Saturday, August 18, 2018

Aretha Franklin, The Legendary Queen of Soul, Dies at 76

Aretha Franklin, one of the most celebrated and influential singers of the 20th century, died Thursday at her home in Detroit from advanced pancreatic cancer. She was 76.

Franklin has been the standard-bearer for female vocalists for five decades. Superstar vocal powerhouses—from Patti LaBelle, Whitney Houston and Mariah Carey to BeyoncĂ©, Jennifer Hudson and Adele—are all indebted to the Queen of Soul. She created the blueprint for the larger-than-life vocal diva in contemporary music. Her influence is massive, extending across genres with legions of vocalists citing her as a major influence and inspiration.

The vocal legend was also incredibly versatile; she was at home singing in a number of different styles, including R&B, jazz, blues, gospel, pop, dance, show tunes and even classical.

Franklin’s powerful gospel-soaked vocals lit up classics such as “Respect,” “Baby I Love You,” “Chain of Fools,” “Think,” “Spanish Harlem,” “Do Right Woman, Do Right Man,” “I Never Loved a Man (The Way I Love You),” “(You Make Me Feel Like) A Natural Woman” and “(To Be)Young, Gifted and Black.”

She scored 20 number one hits on Billboard’s R&B singles chart, and 17 of her songs made the top 10 on Billboard’s pop charts. She sold more than 75 million records worldwide. And she has won 18 Grammys and was the first woman to be inducted into the Rock and Roll Hall of Fame.

Additionally, Franklin and her music have had a huge cultural impact. Songs like “Respect,” “Think” and “(You Make Me Feel Like) A Natural Woman” made Franklin a feminist and civil rights icon. “Respect” became an anthem for both movements. It spoke directly to these causes in a way that no other medium could. “Think” has been embraced by women as a feminist anthem due its themes of freedom and respect.  And many view “A Natural Woman” as a stirring celebration of womanhood.

Franklin was also a talented songwriter and had a hand in the writing of some of her best-known tracks. She wrote “Day Dreaming” and “Rock Steady” on her own and co-wrote “Think” and “Dr. Feelgood (Love is a Serious Business)” with Ted White.

Like many great soul singers, Franklin’s music career began in the church. Her father, Clarence LaVaughn Franklin, was the pastor of New Bethel Baptist Church in Detroit. When she was very young, she sang with her two sisters, Erma and Carolyn, at New Bethel. The gifted young vocalist was performing solos by the time she was 10. In addition to singing, Franklin was an accomplished pianist, who taught herself how to play by learning the songs she heard on the radio.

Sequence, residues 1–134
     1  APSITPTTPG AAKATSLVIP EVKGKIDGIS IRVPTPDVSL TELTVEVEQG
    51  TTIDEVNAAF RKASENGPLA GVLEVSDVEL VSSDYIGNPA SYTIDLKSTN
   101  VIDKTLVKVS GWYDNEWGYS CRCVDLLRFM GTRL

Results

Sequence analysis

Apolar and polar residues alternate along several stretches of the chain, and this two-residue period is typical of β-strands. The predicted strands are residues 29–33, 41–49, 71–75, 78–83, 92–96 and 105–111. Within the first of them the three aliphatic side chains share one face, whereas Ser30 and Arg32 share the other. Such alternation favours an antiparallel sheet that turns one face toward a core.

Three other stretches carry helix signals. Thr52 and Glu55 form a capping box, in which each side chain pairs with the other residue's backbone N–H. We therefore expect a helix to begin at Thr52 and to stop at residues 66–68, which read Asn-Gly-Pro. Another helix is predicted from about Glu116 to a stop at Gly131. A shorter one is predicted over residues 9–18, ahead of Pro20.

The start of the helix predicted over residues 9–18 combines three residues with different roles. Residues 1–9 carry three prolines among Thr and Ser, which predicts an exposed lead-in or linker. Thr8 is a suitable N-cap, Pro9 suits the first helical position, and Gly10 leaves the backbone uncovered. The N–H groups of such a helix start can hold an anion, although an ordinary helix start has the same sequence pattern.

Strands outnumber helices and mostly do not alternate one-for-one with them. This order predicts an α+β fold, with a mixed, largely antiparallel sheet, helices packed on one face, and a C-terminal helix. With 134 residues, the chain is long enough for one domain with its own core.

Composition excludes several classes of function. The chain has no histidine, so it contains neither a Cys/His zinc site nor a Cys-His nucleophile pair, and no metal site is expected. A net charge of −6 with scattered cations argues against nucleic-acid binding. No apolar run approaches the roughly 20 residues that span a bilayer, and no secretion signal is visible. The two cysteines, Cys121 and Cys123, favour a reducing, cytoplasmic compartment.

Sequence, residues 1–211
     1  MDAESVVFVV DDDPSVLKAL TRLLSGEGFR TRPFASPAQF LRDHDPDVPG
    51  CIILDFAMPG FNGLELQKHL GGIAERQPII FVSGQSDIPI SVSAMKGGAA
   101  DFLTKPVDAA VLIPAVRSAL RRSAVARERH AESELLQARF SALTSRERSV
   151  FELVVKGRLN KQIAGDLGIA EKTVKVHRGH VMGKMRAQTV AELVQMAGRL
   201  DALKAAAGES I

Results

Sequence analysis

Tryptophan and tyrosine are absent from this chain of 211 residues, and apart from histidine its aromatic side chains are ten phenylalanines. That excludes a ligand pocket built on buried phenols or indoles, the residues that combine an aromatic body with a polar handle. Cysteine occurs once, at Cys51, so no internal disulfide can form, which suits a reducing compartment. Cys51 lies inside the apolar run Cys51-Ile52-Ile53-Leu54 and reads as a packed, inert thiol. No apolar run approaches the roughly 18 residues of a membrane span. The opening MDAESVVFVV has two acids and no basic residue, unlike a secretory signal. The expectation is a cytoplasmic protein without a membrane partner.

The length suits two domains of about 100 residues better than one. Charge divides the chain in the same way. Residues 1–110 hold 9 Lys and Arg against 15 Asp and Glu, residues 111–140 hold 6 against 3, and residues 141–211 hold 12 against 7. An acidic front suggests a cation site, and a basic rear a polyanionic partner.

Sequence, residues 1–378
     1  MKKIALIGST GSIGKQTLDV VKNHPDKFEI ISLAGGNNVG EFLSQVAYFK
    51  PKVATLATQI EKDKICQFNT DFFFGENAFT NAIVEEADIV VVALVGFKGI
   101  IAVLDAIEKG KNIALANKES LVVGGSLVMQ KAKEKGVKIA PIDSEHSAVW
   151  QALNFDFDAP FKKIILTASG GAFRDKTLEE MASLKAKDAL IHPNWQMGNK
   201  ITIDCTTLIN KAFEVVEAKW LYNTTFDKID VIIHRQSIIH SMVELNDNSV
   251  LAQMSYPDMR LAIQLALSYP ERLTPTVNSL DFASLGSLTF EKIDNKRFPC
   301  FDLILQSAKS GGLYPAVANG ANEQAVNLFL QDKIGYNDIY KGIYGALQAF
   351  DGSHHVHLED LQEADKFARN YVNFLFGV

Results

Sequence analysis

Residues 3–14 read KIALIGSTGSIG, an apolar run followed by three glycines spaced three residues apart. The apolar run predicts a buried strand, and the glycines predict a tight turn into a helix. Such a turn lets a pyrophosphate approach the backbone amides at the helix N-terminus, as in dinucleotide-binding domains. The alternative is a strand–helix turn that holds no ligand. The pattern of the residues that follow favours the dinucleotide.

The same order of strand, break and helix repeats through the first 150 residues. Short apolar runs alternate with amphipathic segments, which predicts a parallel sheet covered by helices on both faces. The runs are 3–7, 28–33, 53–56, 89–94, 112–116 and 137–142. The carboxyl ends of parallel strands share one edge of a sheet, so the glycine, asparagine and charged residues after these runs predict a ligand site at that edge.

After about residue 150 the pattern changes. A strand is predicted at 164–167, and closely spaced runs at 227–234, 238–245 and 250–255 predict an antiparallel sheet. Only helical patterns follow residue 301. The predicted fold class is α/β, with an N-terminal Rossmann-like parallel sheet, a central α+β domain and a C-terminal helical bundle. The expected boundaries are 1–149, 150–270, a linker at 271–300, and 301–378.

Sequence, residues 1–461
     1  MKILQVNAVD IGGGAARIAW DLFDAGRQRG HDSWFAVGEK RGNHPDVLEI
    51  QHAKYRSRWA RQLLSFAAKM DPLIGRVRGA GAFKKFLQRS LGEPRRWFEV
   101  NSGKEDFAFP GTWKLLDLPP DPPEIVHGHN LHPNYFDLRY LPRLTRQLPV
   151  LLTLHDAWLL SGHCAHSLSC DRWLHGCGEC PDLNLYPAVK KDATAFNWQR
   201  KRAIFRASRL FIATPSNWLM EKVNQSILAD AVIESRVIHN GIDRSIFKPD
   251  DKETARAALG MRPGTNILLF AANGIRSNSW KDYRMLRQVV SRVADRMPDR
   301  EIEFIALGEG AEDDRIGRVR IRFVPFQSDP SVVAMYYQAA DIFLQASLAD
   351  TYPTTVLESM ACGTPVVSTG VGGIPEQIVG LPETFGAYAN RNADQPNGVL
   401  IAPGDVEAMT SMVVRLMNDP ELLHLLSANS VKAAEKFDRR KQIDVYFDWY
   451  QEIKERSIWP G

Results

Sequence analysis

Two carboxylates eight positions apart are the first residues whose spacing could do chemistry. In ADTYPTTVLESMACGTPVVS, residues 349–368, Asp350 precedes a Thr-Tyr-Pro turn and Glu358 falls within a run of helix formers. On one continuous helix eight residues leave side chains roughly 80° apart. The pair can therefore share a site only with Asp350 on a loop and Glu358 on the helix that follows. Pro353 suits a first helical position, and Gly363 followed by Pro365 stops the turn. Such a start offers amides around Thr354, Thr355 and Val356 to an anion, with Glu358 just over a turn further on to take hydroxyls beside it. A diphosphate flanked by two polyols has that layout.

Her father would often record his sermons, and these recordings were released on Chess Record’s Checkers label. Due to these recordings, the pastor’s fame grew and he would make appearances at churches around the country.  He brought his talented young daughter Aretha along on these church tours to provide piano accompaniment to his sermons and when he sang gospel songs.

At 14, Franklin recorded an album of hymns on the J.V.B. gospel label. After she turned 18, she decided to take her music in a secular direction. This decision was inspired by her musical idol Sam Cooke, who was a gospel singer before he switched to recording popular music.  She sent a two-song demo to Columbia Records, which resulted in her getting signed to the label in 1960. Franklin landed three top ten hits on the R&B charts with Columbia: “Today I Sing the Blues” (#10), “Won’t Be Long (#7) and “Operation Heartbreak” (#6). She was still in her teens when she recorded these tracks.

When Franklin’s contract with Columbia Records ended in 1966, she signed to Atlantic Records, which she had been eyeing for some time. Her association with Atlantic resulted in some of the greatest soul recordings of all time. She released a slew of classics during her 13-year tenure with the label, which helped bring soul music to an even wider audience. Franklin was crowned the undisputed “Queen of Soul” during this period.

She left Atlantic in 1979 and signed with Clive Davis’ Arista Records the following year. Franklin enjoyed more chart success with Arista with big hits like “Jump to It" and the Grammy-winning “Freeway of Love.” And she participated in some memorable duets with people like Dionne Warwick, Smokey Robinson, Elton John, Mariah Carey, George Michael, James Brown, Ray Charles and Frank Sinatra.

Franklin was the embodiment of soul music and one of the most gifted vocalists of modern music. She leaves behind a phenomenal musical legacy. Her music has inspired, moved and brought joy to millions and will continue to do so in the years to come.

"(To Be) Young, Gifted and Black"

Aretha performing “Do Right Woman, Do Right Man" on  The Merv Griffin Show in 1967

Aretha performing Inez and Charlie Foxx's classic "Mockingbird" with pianist Ray Johnson in 1965

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